List of 8-bit computer hardware palettes

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For a full listing of computer's color palettes, see List of palettes

This is a list of color palettes of some of the most popular early 8-bit personal computers and terminals, roughly those manufactured from 1975 to 1985. Although some of them use RGB palettes, are more common specific hardware-implemented 4, 16 or more color palettes: not bit nor level combinations of RGB primaries, but fixed ROM/circuitry colors selected by the manufacturer. Also, the list does not include obscure palettes, such as those available only through special adjustment and/or CPU assisted techniques (flickering, palette swapping, etc.), except where noted.

For color palettes of 16-bit personal computers, see the List of 16-bit computer hardware palettes article.

For current RGB display systems for 32-bit and better PCs (Super VGA, etc.), see the 16-bit RGB for HighColor (thousands) and 24-bit RGB for TrueColor (millions of colors) modes.

This n-bit distinction is not intended as a true strict categorization of such machines, since mixed architectures also exist (16-bit processors with 8-bit data bus, for example). The distinction is more related to a broad 8-bit computer age or generation (around 1975-1985) and its associated state of the art in color display capabilities. In any case, every computer listed here shares similar 8-bit technology, except where noted.

For various software arrangements and sorts of colors, see the List of software palettes article.

For video game consoles, see the List of videogame console palettes article.

For a more complete and technical description of the computer's hardware video capabilities, see the List of home computers by video hardware.

The original model of every system is listed, which implies that enhanced versions, clones and compatibles also support the palette of the original.

For every model, their main different graphical color modes are listed based exclusively in the way they handle colors on screen, not all their possible different screen modes (text modes or resolution modes that share the same color schemes).

Every palette is represented with a series of color patches and is complemented with a listing of color numbers/indices and names, and other technical details about how the colors are produced and/or used by the computer's display video subsystem.

For each unique palette, an image color test chart and sample image (TrueColor original follows) rendered with that palette (without dithering) are given. Color charts for palettes that already exist in other articles are not shown here. The test chart shows the full 8-bits, 256 levels of the red, green and blue (RGB) primary colors and cyan, magenta and yellow complementary colors, along with a full 8-bits, 256 levels grayscale. Gradients of RGB intermediate colors (orange, lime green, sea green, sky blue, violet and fuchsia), and a full hue's spectrum are also present. Color charts are not gamma corrected.

RGB 24bits palette sample image.jpg RGB 24bits palette color test chart.png

These elements let you study the color depth and distribution of the full colors of any given palette, and the sample image indicates how the full color selection of such palettes would represent real life images. These images are not necessarily representative of how the image would be displayed on the original graphics hardware, so simulations of how the sample image would render in different graphic modes are provided, if available. These simulations are always up to the maximum vertical resolution of the given graphic mode or up to 200 scan lines, if vertical resolution is greater. So any of them could be properly padded, transcoded and dumped into the original hardware and/or software emulators without any other changes. See the summary of every simulated image to obtain technical details about conversion to the original machine's format.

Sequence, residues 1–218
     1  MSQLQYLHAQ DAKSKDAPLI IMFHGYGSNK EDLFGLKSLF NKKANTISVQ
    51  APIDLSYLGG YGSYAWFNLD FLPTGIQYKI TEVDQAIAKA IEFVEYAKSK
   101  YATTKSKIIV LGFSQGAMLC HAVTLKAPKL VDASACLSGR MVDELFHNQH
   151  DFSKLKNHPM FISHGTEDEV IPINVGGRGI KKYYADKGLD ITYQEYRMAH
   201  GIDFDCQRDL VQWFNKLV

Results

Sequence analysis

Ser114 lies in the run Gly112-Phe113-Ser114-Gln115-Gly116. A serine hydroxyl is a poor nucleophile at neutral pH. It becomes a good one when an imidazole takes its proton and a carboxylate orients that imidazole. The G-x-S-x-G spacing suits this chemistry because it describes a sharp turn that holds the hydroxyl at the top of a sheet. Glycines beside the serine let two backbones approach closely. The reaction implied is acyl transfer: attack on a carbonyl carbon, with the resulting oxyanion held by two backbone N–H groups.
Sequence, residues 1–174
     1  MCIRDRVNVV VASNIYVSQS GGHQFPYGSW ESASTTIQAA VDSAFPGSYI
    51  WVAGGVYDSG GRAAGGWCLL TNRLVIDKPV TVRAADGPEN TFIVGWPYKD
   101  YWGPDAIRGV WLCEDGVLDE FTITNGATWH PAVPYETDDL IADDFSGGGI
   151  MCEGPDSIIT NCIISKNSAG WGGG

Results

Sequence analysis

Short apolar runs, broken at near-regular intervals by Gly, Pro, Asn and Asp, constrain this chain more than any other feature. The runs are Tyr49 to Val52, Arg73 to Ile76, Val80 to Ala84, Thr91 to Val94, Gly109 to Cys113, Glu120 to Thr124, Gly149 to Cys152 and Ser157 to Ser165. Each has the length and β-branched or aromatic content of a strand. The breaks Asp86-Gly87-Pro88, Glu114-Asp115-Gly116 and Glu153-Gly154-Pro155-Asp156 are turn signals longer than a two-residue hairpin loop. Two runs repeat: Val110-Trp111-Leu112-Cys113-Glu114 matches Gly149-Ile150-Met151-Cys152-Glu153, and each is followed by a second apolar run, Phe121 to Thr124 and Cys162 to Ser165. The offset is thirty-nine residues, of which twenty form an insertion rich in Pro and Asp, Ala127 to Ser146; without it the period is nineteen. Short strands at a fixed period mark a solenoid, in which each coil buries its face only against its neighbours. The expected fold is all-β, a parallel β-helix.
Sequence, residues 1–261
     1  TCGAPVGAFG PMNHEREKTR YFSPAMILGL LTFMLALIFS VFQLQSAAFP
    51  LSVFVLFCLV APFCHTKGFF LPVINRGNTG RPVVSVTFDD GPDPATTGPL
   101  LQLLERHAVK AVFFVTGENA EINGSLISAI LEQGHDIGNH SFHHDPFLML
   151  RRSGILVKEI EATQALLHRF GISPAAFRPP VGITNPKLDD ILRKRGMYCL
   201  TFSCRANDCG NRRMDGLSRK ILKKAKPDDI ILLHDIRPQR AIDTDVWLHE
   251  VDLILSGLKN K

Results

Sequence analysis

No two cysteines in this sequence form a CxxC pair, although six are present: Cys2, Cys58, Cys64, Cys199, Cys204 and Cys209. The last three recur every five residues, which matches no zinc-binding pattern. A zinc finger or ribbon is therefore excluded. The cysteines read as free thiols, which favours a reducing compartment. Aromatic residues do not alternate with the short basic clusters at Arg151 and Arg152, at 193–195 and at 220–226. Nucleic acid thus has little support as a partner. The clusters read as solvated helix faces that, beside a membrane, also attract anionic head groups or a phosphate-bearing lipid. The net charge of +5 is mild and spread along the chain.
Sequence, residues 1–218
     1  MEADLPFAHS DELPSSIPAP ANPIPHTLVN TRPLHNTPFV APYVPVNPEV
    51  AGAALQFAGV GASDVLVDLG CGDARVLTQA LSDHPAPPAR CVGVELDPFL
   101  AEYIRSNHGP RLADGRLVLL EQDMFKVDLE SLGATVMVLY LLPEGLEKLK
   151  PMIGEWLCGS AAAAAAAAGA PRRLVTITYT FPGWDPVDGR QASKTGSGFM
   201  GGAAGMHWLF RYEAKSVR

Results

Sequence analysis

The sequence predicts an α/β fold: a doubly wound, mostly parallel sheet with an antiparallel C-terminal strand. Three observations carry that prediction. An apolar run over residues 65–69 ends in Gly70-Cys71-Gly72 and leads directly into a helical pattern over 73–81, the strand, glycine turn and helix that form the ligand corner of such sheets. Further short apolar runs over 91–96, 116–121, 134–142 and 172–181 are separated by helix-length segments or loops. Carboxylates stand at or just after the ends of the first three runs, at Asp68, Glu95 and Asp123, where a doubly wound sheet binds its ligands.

The simulated images only try to show how a certain system is able to handle an image in terms of color without improvements nor additional clever tricks of design like anti-aliasing or dithering. Doubtlessly a human artist is able to improve enormously the look of the simulated images to approximate them to the original one, but that is not the goal of this article.

Note: please do not change the compression scheme of every image by a lossy compression scheme (i.e. JPEG) in order to improve their file size, nor change the thumbnail size of the images, nor gamma-correct them. They are didactical material AS IS, and they have been already optimized for this purpose.

Teletext[edit]

Teletext (a TV information retrieval service developed in 1976) uses a 3-bit RGB, 8-color palette.

Teletext has 40×25 characters. The top and bottom rows along with the first column are reserved. Every character cell has a background color and a text color. Graphics are built with a set of 2×3 pattern characters. Thus, the actual graphic surface is 78×69 blocky pixels.

Screen color test Teletext.png

A newer version of this standard defines a high resolution mode, but it is not supported by the vast majority of TV broadcasting networks nor TV sets manufacturers.

Apple[edit]

Apple II series[edit]

AppleII palette sample image.png AppleII palette color test chart.png

The Apple II series features a 16-color composite video YPbPr palette,[1] that comprises 15 different colors plus a duplicate gray.

AppleII palette.png
Number — name Y Pb (rel.) Pr (rel.) Number — name Y Pb (rel.) Pr (rel.)